…as technical committee on textile and garment focuses on standards
Minister for Trade and Industry (MOTI), Alan Kyerematen has disclosed that government will focus on standards in the textile and garment industry, to benefit significantly from the African Growth and Opportunity Act (AGOA).
He made this known at the inauguration of the reconstituted technical committee on textile and garment last Friday.
In a speech read by the Director for Multilateral, Regional and Bilateral Trade, Nyame Baafi, on his behalf, the Minister noted that “the inability of Ghana to benefit significantly from AGOA can be explained by looking briefly at one main challenge of not being able to meet applicable standards in the US market.”
“This is a challenge that can be overcome,” he said.
For this reason, Kyerematen stressed on the need to rigidly keep to applicable standards as far as the textiles and garment industry is concerned.
AGOA is expected to come to an end in 2025, after an extension of the programme by a further 10 years on the completion of the of its initial 15-years period of validity.
Figures on AGOA show that, Ghana’s apparel exports increased from approximately US$ 500,000 in 2010 to US$ 8.5 million in 2017.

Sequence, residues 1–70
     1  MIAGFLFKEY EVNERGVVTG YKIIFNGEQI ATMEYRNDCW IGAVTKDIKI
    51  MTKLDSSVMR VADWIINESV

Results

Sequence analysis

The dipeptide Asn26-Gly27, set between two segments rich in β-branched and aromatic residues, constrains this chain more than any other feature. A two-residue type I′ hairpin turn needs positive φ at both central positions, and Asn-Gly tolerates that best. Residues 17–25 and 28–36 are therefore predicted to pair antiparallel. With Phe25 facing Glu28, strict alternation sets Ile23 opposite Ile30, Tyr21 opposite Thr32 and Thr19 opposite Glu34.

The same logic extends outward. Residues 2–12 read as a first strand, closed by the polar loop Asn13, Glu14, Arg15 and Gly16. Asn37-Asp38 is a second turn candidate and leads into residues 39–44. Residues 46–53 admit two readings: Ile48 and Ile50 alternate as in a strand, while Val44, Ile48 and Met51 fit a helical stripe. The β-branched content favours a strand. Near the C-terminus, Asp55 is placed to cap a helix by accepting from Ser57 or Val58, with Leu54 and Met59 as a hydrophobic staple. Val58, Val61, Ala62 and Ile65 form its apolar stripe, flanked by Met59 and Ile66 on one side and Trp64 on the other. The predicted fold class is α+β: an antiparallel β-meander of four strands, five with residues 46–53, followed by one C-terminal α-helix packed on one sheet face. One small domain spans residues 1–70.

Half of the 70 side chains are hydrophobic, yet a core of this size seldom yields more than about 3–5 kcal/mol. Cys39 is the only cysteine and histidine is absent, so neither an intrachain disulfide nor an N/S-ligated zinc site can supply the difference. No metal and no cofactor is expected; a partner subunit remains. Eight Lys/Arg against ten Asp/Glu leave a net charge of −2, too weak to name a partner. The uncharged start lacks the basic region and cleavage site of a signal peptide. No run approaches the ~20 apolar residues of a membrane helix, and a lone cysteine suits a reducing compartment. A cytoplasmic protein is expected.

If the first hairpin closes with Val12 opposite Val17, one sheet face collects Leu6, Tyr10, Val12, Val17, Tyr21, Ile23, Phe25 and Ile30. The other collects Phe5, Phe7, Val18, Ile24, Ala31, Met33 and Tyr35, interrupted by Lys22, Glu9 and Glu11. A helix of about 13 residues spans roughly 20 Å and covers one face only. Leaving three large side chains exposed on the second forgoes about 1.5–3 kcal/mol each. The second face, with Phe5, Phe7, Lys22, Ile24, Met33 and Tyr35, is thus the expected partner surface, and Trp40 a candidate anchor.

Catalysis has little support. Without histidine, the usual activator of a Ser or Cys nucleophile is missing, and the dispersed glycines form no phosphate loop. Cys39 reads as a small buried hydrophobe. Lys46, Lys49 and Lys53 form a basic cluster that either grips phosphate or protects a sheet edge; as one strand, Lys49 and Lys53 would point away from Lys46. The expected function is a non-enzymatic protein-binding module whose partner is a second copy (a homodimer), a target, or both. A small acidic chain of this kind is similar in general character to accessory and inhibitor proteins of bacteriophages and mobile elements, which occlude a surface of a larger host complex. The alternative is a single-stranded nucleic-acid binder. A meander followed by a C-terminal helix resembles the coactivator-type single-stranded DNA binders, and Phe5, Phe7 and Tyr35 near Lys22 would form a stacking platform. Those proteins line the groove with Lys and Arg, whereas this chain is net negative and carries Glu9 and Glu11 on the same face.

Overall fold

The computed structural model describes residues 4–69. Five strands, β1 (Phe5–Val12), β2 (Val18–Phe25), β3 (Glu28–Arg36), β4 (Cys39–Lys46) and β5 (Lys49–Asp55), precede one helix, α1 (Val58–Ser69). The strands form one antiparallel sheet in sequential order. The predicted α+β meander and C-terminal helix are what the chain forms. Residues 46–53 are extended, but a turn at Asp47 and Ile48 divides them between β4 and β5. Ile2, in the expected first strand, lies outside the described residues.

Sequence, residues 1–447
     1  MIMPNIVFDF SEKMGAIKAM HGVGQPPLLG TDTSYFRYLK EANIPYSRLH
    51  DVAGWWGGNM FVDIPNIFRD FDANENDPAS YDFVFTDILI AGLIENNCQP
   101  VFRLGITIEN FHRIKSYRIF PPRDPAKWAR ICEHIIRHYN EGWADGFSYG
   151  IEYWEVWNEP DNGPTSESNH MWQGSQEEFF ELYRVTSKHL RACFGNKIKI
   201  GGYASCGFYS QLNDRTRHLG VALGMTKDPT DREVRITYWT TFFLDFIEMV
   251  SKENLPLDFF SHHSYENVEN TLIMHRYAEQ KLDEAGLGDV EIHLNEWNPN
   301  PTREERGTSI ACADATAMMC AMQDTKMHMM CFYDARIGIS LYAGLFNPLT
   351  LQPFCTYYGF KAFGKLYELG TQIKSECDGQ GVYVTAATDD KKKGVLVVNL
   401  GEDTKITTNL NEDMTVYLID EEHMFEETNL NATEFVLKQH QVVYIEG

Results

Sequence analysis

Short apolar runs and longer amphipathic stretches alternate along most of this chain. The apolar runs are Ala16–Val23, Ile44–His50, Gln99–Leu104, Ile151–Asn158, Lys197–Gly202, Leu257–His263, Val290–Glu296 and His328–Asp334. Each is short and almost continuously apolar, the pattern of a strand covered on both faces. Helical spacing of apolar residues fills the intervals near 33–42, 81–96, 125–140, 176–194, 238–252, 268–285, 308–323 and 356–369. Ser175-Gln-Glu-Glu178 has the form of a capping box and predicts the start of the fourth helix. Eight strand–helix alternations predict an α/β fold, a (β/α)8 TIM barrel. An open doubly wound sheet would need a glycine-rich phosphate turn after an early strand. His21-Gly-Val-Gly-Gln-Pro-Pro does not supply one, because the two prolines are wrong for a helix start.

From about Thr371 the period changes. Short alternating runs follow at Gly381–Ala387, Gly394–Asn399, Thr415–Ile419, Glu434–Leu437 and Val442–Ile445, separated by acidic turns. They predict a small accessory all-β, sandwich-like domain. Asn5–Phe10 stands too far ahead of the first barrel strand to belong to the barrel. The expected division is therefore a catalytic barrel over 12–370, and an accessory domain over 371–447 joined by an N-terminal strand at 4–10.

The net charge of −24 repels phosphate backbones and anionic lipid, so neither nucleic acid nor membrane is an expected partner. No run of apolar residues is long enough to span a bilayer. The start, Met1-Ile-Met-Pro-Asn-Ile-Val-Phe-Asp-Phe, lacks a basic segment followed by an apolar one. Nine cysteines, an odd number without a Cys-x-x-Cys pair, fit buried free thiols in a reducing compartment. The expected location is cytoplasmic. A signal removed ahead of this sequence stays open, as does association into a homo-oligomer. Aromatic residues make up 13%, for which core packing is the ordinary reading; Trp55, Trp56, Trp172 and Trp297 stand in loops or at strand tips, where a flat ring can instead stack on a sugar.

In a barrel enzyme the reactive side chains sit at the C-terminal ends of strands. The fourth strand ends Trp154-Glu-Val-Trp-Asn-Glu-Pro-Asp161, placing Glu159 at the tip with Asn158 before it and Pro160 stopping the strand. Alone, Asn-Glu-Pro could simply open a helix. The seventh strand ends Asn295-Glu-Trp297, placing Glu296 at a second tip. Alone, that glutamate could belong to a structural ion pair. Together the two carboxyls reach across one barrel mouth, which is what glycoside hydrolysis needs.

This figure is expected to double again over the next two years.
Kyerematen called the attention of the committee to the variety of fibres, materials and finishes used in the production of textile articles, as well as a further look at the need for modifications in the description of care processes.
Efforts should be put towards the development of standards that would ensure safety and quality for products that come out of the industry, he stated.
The chairperson of the committee, Eunice Antiaye highlighted that the committee is considering setting standards for the Slits and Kaba, Kente, Smock, among many others.
Antiaye further stated that, the committee will also focus on standards for the size designation for men and boys garment and that of women and girls, among other proposed focus.
By Joshua W. Amlanu